Freeze spending on Scotland and halve free bus passes – Truss adviser

Freeze spending on Wales and Scotland and halving the number of free buses given to the elderly and disabled: Tory blueprint for winning an election written by Liz Truss’s top economic adviser

  • Matthew Sinclair made the suggestions in a book after 2008 Financial Crash
  • Suggested freezing grants for home nations for a year to save cash
  • Also wanted to make buss passes means tested for elderly and disabled 
  • The economist has become one of Miss Truss’s closest advisers in No10

Liz Truss’s top economic adviser once suggested freezing cash for Wales and Scotland and cut the number of free buss passes for the elderly and disabled as part of a blueprint to win the Tories an election. 

Matthew Sinclair, a former head of small-state advocacy group the Taxpayers’ Alliance, made the suggestions in a book after the 2008 Financial Crash. 

He suggested that as many public spending decisions had been devolved to administrations in Holyrood, Cardiff and Stormont their annual grants from Westminster should be frozen for  year to save £1.4billion.

‘Freezing the current grants to Scotland, Wales and Northern Ireland for one year offers a substantial saving, and also means that no services are necessarily subject to cuts,’ he wrote, according to the Telegraph.

‘Instead budgets received will have to be handled more carefully, with any unnecessary spending eradicated.

‘Considering the differing levels of spending autonomy enjoyed by the devolved assemblies, a general freeze will allow each nation to make its own decision over what is priority and what is not.’

Writing in How to Cut Public Spending (and Still Win an Election) in 2010 he also suggested making free bus passes means tested, a move he believed could have reduced take-up by 50 per cent. 

Matthew Sinclair, a former head of small-state advocacy group the Taxpayers Alliance, made the suggestions in a book after the 2008 Financial Crash.

The economist has become one of Miss Truss’s closest advisers as the country faces sky-high rates of inflation and a cost of living crisis sparked by rocketing energy bills.

He wrote that passes should be reserved for those who ‘genuinely need it’ and was ‘poorly targeted’. Halving uptake would save £438million, he argued.

Prior to Ms Truss’s Tory leadership election win, Mr Sinclair was a director and economics adviser at Deloitte bank.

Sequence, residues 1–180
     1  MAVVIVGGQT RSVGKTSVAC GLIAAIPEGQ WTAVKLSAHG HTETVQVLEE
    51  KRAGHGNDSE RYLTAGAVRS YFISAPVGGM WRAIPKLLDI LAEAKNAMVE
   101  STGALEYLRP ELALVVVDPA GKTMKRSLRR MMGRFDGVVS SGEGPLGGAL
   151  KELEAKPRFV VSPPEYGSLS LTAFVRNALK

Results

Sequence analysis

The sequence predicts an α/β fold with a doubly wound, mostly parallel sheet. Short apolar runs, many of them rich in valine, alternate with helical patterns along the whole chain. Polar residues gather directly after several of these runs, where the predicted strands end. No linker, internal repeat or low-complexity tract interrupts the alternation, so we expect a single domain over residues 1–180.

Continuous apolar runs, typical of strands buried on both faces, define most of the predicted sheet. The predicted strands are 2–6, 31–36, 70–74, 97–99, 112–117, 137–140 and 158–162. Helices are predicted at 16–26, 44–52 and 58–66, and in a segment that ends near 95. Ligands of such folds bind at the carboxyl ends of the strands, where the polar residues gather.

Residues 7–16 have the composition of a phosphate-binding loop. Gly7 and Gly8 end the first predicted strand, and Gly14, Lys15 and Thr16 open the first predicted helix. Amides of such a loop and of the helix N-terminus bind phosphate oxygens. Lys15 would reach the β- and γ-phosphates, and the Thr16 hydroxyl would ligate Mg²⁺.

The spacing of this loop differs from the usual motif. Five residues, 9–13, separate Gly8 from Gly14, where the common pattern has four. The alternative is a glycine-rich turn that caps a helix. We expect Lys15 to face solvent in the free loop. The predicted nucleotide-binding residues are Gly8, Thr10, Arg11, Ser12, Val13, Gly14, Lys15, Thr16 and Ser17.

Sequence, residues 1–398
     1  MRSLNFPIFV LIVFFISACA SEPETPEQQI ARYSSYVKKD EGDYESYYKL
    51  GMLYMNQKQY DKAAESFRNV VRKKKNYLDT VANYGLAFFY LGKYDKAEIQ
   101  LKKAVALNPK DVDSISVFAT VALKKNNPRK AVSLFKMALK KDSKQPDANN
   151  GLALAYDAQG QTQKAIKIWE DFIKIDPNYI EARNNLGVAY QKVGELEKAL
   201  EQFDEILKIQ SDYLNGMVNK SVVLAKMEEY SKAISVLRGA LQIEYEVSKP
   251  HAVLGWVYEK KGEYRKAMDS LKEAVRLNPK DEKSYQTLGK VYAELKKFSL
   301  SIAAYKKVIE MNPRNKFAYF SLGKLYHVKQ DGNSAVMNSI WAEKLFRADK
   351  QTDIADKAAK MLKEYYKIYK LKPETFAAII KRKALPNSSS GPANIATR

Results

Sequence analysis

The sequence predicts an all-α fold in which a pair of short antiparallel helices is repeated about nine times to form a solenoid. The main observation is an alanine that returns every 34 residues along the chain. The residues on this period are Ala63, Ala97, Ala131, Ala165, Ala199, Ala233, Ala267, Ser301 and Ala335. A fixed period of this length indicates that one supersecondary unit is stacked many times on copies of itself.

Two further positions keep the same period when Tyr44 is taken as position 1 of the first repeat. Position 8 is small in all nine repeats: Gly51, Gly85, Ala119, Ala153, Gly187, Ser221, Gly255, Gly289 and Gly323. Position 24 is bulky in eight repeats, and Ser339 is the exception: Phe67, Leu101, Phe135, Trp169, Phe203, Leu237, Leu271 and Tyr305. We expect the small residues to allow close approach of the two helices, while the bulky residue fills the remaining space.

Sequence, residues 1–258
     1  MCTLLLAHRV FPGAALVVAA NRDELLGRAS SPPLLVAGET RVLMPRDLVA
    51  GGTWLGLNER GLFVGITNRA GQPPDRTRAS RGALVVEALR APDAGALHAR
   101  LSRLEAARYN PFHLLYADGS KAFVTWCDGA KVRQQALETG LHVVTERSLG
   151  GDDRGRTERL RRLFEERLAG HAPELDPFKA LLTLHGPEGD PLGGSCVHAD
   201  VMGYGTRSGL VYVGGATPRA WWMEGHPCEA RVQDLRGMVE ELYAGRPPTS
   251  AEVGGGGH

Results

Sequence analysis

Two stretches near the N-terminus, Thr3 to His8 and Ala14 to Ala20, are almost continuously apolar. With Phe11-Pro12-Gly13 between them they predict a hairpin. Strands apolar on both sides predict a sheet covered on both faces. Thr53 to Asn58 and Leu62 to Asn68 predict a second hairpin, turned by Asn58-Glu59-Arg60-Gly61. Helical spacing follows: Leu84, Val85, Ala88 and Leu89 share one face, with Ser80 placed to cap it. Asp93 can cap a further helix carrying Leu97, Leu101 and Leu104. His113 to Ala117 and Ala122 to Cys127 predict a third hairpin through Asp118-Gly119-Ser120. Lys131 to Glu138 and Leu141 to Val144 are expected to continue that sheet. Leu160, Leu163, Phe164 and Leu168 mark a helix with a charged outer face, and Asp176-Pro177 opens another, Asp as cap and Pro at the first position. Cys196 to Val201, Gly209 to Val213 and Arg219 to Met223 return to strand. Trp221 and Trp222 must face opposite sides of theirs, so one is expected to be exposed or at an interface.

In his former role as director of the TaxPayers’ Alliance think tank he championed plans to cut waste and encourage better value for money in Whitehall. 

The economist has become one of Miss Truss’s closest advisers as the country faces sky-high rates of inflation and a cost of living crisis sparked by rocketing energy bills.

Mr Sinclair, who studied economics and economic history at the London School of Economics, is believed to have been one of those involved in putting together Kwasi Kwarteng’s controversial mini-Budget. 

He is also a climate sceptic whose 2011 book, Let Them Eat Carbon, warned of a massive economic and personal cost from Britain’s energy policies. 

In 2012, Mr Sinclair set out a six-point plan to cut Whitehall spending.

His first idea was to abolish the Equality and Human Rights Commission to save £48.9million in funding. Even a decade ago, he complained that the EHRC had taken on ‘a campaigning role that is inappropriate for a public sector body’.

He suggested £2.2billion could be saved by cutting business subsidies and instead ensuring there are low taxes for all. Additionally, Mr Sinclair said freezing foreign aid spending could save £3.5billion.

Cancelling high speed rail services could produce more than £750million saving, he said at the time. And scrapping the Green Investment Bank, which was set up to address the shortfall in investment in the energy sector, he estimated could save £2.7billion.

Finally, Mr Sinclair suggested scaling back Whitehall and devolving responsibilities as much as possible to local authorities.

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